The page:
The writer of the independent World Anti-Doping Agency report which uncovered evidence of institutionalized doping in Russian game said on Tuesday that athletes should be duty-bound to report instances where they understand of medication use by others.
Canadian law professor Richard McLaren said the system could be modelled on principles regulating match-fixing where failing to report knowledge of a case in several sports is an offence.
However, McLaren, talking at the Play the Game sports convention, stated sports federations would also need to develop trust with the athletes in order for it to work.
“Athletes will need to speak up, they’re on the front line and I think it’s time we considered putting a responsibility (on them) to report corrupt action,” he said. “We can only do this if everybody can be confident it can be carried out in confidence.”
“If you will encourage people to come forward and talk, we have to have rigorous and strict confidentiality. That trust must be established. They (athletes) has to be convinced they can be and will be protected.”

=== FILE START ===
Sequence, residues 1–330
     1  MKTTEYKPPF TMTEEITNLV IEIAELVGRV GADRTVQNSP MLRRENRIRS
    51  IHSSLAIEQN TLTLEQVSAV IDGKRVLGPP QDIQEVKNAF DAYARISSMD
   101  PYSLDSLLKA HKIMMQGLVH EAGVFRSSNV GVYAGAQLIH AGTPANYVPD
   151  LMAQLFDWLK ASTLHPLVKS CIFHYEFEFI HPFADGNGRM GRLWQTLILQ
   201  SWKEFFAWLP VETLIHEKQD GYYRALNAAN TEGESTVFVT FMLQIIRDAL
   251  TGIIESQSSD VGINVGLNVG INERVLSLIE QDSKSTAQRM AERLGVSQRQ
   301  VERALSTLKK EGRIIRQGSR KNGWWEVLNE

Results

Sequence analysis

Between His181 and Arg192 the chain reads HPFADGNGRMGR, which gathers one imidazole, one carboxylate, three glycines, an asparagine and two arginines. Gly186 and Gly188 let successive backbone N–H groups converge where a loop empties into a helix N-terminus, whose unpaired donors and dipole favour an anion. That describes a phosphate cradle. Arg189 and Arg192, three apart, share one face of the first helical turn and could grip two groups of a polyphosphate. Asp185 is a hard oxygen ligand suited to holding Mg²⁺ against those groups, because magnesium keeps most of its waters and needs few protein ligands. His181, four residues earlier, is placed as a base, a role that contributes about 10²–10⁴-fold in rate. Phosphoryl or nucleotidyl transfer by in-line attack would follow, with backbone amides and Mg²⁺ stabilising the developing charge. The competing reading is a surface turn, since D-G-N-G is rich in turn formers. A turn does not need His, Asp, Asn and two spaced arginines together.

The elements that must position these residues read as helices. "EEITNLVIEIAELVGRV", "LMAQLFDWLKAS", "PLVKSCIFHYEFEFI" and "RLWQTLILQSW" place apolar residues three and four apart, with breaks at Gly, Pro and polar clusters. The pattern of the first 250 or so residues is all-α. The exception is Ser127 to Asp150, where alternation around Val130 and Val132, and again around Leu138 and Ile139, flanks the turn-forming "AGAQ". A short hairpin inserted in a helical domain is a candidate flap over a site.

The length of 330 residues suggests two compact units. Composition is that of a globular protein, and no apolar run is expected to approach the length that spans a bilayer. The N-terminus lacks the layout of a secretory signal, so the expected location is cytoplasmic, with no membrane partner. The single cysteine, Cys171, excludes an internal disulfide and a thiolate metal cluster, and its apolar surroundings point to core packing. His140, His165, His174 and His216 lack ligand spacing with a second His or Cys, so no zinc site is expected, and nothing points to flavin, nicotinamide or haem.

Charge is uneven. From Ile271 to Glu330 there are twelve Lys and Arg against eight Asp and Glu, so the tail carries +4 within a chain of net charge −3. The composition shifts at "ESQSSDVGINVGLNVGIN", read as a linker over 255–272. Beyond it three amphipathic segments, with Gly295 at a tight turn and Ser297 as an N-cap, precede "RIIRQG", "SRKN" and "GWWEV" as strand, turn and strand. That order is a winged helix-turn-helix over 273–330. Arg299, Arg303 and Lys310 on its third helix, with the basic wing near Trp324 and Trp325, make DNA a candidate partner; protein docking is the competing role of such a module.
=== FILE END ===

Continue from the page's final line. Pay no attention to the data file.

Speaking to reporters afterwards, McLaren said the responsibility could be included in “the athletes’ contract with their sport.
“In match-fixing, it is a necessity and something similar could be achieved with regard to doping issues.”
But he conceded that, in match-fixing, athletes frequently turned a blind eye to wrongdoing by coworkers despite facing bans for doing this.
“I understand quite well the culture to keep it in the locker room,” he said. “That could be a issue, but if you run better schooling and you build trust relationships with the game, it may work.”
“It is not an ideal solution but it’s far better than what we have now,” he said.
McLaren added that, having got the advice, sports federations then had a duty to conduct a proper evaluation — something which often didn’t occur.
“The data flows into these businesses, disappears and then is not acted on,” he said.
McLaren’s WADA-commissioned report published last year found that over 1,000 Russian competitors in more than 30 sports were involved in a conspiracy to hide positive drug tests within a period of five decades.
Russia, which has always denied state-sponsored doping, has refused to take all of the report’s findings.
Courtesy: The Globe And Mail